God had sent Moses to speak to Pharaoh to let His people go. We read in Exodus 4:21—

“And the LORD said unto Moses, When thou goest to return into Egypt, see that thou do all those wonders before Pharaoh, which I have put in thine hand: but I will harden his heart, that he shall not let the people go.”

This is amazing isn’t it? God would enable Moses to do wonders before Pharaoh, but He himself would harden Pharaoh’s heart so that Pharaoh would not be moved to let the people go.

We will take another message to talk about this work of hardening, but for now, take note that the book of Exodus repeats ten times that God would or had hardened Pharaoh’s heart so that Pharaoh would not let the people go (Ex 4:21; 7:3, 13; 9:12; 10:1, 20, 27; 11:10; 14:4, 8).

Why did God do so? The text quoted by Paul in verse 17, which is God’s words to Pharaoh after the seventh plague makes it very clear: God raised Pharaoh specifically for the purpose of showing in him His great power that His name might be declared throughout all the earth (Ex 9:16). God hardened Pharaoh’s heart for the same purpose, namely His own glory.

It is very clear, is it not? God’s purpose in election and salvation is not dependent upon man’s free will. “It is not of him that willeth” says Paul in verse 16. If it were dependent on man’s free will, then God’s hardening of Pharaoh’s heart would make no sense.

Let me put it this way: Suppose you are an employee in a company. Your boss tells you and your colleagues that at the end of the year he will give some of you a raise. He does not tell you the basis for choosing who to get the increment. But, during the year, it becomes clear that he favours some of you and does not favour others. And not only so, but it appears that he would give opportunities for some to do well, while he apparently put obstacles in the paths of others.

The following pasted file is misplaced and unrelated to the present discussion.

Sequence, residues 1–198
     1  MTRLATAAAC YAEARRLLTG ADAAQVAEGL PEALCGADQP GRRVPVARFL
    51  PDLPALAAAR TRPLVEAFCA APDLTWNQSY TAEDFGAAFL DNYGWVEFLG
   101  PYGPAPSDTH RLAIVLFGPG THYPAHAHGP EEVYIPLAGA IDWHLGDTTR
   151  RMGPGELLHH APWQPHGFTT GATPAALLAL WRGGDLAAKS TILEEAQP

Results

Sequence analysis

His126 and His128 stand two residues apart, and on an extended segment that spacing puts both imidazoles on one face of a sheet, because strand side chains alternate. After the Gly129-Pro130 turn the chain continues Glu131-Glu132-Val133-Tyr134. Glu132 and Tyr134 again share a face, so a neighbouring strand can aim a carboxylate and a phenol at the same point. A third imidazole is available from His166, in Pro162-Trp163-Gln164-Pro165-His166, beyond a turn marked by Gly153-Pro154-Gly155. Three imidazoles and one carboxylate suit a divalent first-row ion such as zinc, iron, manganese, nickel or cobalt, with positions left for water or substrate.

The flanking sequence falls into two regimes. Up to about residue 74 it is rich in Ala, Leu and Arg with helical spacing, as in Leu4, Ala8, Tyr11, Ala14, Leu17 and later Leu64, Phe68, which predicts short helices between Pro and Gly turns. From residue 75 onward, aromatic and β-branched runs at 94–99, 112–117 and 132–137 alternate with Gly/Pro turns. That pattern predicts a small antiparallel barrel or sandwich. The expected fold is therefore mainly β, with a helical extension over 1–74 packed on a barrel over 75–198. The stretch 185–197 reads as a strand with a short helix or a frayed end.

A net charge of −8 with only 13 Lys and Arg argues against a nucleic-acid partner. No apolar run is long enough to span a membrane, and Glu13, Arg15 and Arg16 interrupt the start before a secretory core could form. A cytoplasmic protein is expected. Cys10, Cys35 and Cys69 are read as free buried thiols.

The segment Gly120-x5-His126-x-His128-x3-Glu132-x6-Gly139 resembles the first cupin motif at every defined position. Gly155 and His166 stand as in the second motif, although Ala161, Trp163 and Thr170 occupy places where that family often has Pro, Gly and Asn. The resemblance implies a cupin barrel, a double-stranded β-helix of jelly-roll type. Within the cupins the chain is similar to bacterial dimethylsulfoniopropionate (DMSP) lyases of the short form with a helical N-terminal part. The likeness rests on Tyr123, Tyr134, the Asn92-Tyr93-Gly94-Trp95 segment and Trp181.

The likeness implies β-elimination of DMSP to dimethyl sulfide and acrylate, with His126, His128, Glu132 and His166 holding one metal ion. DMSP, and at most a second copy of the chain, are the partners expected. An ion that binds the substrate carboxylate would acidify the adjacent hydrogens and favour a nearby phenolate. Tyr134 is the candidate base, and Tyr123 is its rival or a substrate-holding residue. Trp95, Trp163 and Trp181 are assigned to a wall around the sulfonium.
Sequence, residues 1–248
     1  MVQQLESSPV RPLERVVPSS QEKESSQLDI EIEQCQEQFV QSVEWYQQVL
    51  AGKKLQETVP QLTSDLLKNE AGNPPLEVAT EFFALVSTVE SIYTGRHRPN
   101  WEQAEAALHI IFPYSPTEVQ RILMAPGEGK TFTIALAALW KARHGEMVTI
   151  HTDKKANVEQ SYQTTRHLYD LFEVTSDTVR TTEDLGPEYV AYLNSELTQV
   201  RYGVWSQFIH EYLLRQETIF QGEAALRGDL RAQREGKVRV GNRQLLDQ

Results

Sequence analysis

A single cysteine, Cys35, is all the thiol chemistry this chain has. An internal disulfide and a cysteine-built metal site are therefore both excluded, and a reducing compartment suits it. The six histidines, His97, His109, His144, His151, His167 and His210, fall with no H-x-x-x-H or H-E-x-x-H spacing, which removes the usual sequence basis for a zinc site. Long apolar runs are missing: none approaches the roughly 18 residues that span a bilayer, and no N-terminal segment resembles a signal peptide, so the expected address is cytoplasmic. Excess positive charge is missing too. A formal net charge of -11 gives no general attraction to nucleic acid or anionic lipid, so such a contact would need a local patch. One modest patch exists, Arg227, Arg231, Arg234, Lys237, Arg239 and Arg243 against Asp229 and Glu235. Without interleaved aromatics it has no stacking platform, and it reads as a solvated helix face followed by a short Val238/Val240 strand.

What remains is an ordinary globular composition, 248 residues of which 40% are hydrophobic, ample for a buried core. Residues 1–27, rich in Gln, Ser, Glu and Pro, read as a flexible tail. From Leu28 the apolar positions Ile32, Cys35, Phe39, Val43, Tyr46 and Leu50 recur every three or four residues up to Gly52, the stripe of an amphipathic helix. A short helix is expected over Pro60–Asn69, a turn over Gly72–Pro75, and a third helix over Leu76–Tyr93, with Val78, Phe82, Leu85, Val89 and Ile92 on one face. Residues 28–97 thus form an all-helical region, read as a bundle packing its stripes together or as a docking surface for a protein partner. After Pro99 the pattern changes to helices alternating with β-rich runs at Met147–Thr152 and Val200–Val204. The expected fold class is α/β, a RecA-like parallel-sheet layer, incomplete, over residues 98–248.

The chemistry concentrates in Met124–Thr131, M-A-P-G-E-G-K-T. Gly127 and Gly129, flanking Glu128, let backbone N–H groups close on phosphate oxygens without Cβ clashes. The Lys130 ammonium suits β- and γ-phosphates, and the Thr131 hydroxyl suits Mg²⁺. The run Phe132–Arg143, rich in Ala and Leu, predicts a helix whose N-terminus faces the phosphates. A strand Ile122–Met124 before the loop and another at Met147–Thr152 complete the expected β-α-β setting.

Then at the end of the year, those whom the boss favours get the increment and others get the sack. Now, what would you say? Would you say that you and your colleagues were assessed based on your performances?

Of course not! Would you not rather say that the assessment was not fair! It was not based on merit.

Well, this is exactly what the apostle Paul is trying to show us! No, he is not trying to show that God is unfair. When the boss in the company favours some and blocks the progress of others, it would be unfairness. But in the case of God, as we have shown, there is no unfairness. The fact is: none of us deserve anything good from God, and none of us has the ability to do good. There is none that doeth good, no not one.

What Paul is trying to reiterate, rather, is that God’s choice of whom to save is not dependant on man’s free will.

Since God raise up Pharaoh for His own glory and hardened Pharaoh’s heart so that He would not let His people go, it is clear that God’s election and salvation is not dependant on man’s will. It is rather dependant on God’s sovereign choice and mercy:

18 Therefore hath he mercy on whom he will have mercy, and whom he will he hardeneth.

God has the sovereign prerogative to show mercy to whom He will and to harden whom He will.

…to be Continued Next Issue

—JJ Lim